GREVILLE, Hon. Charles Francis (1749-1809).
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Family and Education
b. 12 May 1749, 2nd s. of Francis, 1st Earl of Warwick, by Elizabeth, da. of Lord Archibald Hamilton; bro. of George, Lord Greville and Robert Fulke Greville. educ. Edinburgh 1764-7;1 Grand Tour. unm.
Ld. of Trade Jan. 1774-Sept. 1780; ld. of the Admiralty Sept. 1780-Mar. 1782; treasurer of the Household Apr.-Dec. 1783; vice-chamberlain 1794- d.
In January 1774 Greville was returned for the seat at Warwick vacated by his brother’s succeeding to the earldom; and at the same time took over his place at the Board of Trade. ‘A violent and tedious fever’ for several months prevented him from taking his seat either at the Board or in the Commons,2 but when in June he eventually did so, his attendance, at the Board at least, seems to have been fairly regular. He voted consistently with North’s Administration. His only reported speech during his first Parliament was on the Address, 26 Nov. 1778. In 1779 Greville was considered as a possible treasurer of the Household,3 and was offered the first vacant seat at the Admiralty Board, which ‘from the increase in income ... was considered as superior to the Board of Trade’.4 He was still hoping for promotion the following year, but was anxious that it should come at the time of the dissolution, ‘to save me the revival of a contest which I am anxious to avoid’. He was unwilling to press North about it, and told Lord Sandwich: ‘Although I have a desire to get forward, I confess I cannot seek promotion or favour for myself by dint of importunity.’5 He was appointed to the Admiralty Board, 6 Sept., and returned at Warwick after a contest a few days later. Greville voted against Shelburne’s peace preliminaries, 18 Feb. 1783, and in April 1783, on the formation of the Coalition, accepted office as treasurer of the Household. In December 1783, on the dismissal of the Coalition, Greville immediately resigned. His opposition to Pitt brought him into conflict with his brother Lord Warwick, and at the general election of 1784 he stood at Warwick in opposition to his brother’s candidate. He wrote to his younger brother, Robert Fulke Greville:6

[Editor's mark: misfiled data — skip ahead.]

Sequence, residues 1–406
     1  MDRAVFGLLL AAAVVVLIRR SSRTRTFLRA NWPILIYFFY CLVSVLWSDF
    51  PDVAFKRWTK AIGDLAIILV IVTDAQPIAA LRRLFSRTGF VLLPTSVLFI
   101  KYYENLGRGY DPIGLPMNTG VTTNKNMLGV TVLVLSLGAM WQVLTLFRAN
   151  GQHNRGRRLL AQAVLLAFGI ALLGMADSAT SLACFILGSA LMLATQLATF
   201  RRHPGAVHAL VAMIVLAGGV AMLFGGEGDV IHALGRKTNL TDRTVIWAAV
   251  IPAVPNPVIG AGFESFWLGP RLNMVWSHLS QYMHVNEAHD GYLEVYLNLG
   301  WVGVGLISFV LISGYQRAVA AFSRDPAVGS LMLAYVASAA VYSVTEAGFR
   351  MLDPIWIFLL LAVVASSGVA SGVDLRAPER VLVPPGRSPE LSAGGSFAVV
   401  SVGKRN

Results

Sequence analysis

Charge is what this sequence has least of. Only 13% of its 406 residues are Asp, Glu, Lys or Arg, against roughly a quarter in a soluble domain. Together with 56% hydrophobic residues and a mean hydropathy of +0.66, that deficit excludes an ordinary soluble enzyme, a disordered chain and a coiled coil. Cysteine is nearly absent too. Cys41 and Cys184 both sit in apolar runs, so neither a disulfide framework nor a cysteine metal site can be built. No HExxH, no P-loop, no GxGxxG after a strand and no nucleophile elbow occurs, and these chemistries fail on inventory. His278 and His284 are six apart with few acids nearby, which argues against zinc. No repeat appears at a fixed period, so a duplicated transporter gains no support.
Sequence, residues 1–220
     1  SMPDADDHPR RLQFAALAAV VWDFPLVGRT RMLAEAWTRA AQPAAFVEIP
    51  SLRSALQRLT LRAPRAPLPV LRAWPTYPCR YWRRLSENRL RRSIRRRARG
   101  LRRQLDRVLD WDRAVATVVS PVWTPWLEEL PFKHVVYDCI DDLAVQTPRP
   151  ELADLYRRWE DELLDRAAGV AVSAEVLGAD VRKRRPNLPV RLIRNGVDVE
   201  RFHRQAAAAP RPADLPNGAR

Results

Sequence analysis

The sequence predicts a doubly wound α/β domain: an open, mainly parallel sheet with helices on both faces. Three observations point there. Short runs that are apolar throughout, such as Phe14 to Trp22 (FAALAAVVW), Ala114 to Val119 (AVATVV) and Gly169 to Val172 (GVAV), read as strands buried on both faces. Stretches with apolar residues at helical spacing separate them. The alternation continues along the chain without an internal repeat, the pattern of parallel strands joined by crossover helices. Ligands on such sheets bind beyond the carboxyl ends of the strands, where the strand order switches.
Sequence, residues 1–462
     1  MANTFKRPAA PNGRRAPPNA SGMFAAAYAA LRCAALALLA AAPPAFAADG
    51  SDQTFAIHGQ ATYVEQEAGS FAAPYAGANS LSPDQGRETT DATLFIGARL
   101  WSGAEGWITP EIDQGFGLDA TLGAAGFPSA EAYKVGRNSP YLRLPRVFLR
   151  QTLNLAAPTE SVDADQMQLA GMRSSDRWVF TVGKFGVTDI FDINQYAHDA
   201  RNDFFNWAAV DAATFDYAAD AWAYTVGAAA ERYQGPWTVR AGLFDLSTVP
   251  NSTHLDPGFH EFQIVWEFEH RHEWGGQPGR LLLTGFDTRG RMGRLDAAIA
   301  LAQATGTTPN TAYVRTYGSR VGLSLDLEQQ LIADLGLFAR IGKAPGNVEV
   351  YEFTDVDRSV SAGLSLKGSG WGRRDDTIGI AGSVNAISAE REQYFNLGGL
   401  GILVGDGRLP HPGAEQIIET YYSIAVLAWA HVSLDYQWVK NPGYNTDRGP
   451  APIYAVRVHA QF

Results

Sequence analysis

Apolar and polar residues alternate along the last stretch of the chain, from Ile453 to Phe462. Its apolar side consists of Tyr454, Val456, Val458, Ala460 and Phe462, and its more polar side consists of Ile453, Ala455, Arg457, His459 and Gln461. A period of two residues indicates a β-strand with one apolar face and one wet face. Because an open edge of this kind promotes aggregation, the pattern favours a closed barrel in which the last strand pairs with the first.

Fortunately for me I have had no politics since I have canvassed, for the politicians were my late friends, and those I have now to support me have not yet the refinement of trusting their politics to a man they do not esteem in preference to a man they profess to esteem, because he has varied in one point which they take up on the present occasion. I never had a more agreeable canvass ... and never thought that I was so well in the opinion of the low orders ... none of my gentle friends have polled for me.
He was returned again, and continued in opposition till he left Parliament. Only one speech by him is recorded during this Parliament—on the hawkers and pedlars bill, 1 July 1785.
Wraxall wrote of him:7
Possessing like his uncle, Sir William Hamilton, an elegant mind and a taste for many branches of the fine arts, which pursuit carried him into expenses beyond the bounds of severe prudence, his resignation ... could not ... be to him in any sense a matter of indifference ... He retired during several years from court and from public life into comparative obscurity.
In fact Greville, who had a very small income, seems by 1784 to have been seriously embarrassed financially, and in December approached the Duke of Rutland about selling him the collection of pictures and sculpture ‘which has taken me twelve years to make, and during which I have had the pickings of several collections which were sold in Italy, through the assistance of Mr. Hamilton at Rome, and Sir William Hamilton at Naples’.8 Greville’s economies included giving up his liaison with Emma Hart—he sent her out to Naples where his uncle Sir William Hamilton (whom she subsequently married) was minister.
Greville seems to have canvassed Warwick at the general election of 1790, but retired before the poll.
He died 23 May 1809.